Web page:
P&G consolidates media work in India
[bombay] Procter & Gamble Co. has pushed the "unbundling" concept a step further in India by consolidating its media planning business for all its brands with Chaitra Leo Burnett. Compensation will be based on fees rather than a percentage of media billings and will go to Starcom Worldwide, which Leo Burnett Co. will expand to this country in a few months. P&G hopes to ensure that different kinds of media are chosen for the results they yield rather than the commissions they generate. The move coincides with P&G reappointing Bombay-based Madison Media as its media buying agency for all the marketer's brands. P&G spends in the region of $14 million on advertising in India.
Taco Bell taps TBWA agency in Australia
[sydney] One year after launching here, Taco Bell has dumped Singleton Ogilvy & Mather and appointed Whybin Lawrence TBWA to its $2 million account. Sibling TBWA Worldwide agency TBWA/Chiat/Day, Playa del Rey, Calif., handles the U.S.-based fast-feeder's account in its homeland. Greg Creed, Australian marketing director at Taco Bell parent Tricon Global Restaurants, said that in addition to the benefits of aligning the brand with the TBWA group, he was impressed with Whybin's work on the Pizza Hut pitch earlier this year. Tricon also owns Pizza Hut. Mr. Creed also cited Whybin's expertise in the youth market as a key factor in the Taco Bell appointment. Taco Bell Australia General Manager Dane Hudson said the chain plans to continue using in Australia the Chihuahua TV campaign first developed in the U.S.
Japan's sumo wrestles with sagging interest
[tokyo] The ancient Japanese sport of sumo wrestling turned a new page in its history this month by launching its first-ever national ad campaign. Faced with declining attendance at its grand sumo tournaments, the Nihon Sumo Kyokai (Japan Sumo Association) broke ads in national newspapers to promote advance ticket sales. In one of the ads from Dentsu, U.S.-born wrestlers Musashimaru and Akebono, who tip the scales at a combined weight topping half a ton, hold a fan aloft in a chair while the ad uses the phrase "The sumo wrestler seat reservation system has started." Sumo, however, may be facing marketing problems more severe than ticket distribution systems. TV ratings are down for the sport and tournaments that have sold out for decades recently have been faced with empty seats. Japanese media have reported extensively about tax cheating at sumo stables as well as bringing allegations of match fixing.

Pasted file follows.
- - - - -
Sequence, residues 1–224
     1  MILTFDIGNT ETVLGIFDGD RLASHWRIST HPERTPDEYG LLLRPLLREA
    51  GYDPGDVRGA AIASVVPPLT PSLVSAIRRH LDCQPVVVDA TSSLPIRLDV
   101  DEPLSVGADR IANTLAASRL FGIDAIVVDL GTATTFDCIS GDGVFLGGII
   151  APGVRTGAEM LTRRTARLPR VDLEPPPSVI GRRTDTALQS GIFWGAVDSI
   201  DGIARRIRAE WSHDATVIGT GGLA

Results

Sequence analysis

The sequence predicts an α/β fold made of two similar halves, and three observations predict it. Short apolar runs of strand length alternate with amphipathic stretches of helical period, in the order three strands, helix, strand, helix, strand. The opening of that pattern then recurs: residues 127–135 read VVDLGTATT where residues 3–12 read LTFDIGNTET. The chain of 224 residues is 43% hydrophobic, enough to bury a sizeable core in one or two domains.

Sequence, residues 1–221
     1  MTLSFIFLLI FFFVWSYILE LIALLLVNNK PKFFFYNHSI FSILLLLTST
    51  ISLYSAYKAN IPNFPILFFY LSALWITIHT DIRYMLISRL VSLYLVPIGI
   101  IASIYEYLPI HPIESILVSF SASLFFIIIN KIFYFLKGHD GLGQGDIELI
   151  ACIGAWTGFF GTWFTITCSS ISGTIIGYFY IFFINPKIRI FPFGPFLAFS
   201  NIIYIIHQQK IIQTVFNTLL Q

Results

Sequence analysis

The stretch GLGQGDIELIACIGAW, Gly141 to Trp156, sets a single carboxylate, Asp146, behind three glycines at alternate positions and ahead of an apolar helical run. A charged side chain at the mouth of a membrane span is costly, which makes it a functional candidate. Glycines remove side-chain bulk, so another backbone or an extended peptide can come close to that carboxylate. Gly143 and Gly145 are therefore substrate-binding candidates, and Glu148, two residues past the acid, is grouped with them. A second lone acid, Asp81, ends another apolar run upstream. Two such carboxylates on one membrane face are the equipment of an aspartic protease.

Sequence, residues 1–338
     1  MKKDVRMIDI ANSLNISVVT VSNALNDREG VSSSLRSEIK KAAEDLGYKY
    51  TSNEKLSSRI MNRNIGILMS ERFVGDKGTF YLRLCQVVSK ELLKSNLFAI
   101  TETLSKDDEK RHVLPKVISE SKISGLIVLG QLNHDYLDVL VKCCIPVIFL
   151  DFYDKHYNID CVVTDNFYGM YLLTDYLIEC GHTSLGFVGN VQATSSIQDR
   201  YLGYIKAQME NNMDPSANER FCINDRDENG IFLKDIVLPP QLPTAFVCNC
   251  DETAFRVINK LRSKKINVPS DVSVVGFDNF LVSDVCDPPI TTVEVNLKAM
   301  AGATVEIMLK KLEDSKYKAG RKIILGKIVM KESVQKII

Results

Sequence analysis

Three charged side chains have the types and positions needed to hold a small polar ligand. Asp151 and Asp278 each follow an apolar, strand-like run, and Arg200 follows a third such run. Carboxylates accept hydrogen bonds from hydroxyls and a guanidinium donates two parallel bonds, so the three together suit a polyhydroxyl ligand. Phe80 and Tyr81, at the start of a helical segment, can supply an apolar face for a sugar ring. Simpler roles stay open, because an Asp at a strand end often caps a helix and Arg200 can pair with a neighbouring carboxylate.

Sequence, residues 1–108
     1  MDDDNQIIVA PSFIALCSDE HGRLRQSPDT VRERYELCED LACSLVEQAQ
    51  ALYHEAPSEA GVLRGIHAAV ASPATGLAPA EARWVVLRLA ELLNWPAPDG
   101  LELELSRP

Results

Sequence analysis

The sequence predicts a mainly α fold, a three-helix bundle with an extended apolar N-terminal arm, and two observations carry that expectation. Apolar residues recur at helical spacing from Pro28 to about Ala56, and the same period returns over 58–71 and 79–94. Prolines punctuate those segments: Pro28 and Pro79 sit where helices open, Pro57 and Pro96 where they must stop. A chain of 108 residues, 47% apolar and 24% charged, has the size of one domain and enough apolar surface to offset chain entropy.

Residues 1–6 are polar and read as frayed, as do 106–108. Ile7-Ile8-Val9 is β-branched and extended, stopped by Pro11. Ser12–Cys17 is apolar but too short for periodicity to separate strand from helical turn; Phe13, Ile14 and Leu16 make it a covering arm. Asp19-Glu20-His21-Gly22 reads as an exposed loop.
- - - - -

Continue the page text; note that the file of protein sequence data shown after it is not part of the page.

South African clerics help polish P&G's halo
[johannesburg] Procter & Gamble Co. has enlisted some of South Africa's leading clergymen in its defense against allegations the marketer is under a satanic influence. Duncan Buchanan, Anglican bishop of Johannesburg, is one of three clerical heavy hitters who have signed "To whom it may concern" letters calling the allegations against P&G "deceitful lies" and "false and malicious rumors." The South African Police Service's occult-related crimes unit confirmed it has no evidence to link P&G with satanism. Bizarre rumors associating P&G's traditional "man in the moon" logo to the occult have bedeviled the company on and off for decades in the U.S.; allegations that P&G donates profits to the satanic church first surfaced in South Africa in 1995. Now, with the added impetus from the Internet, the rumors are "spreading like wildfire," said P&G Consumer Relations Manager Ingrid Hannah.
Chinese newspapers expand front-page ads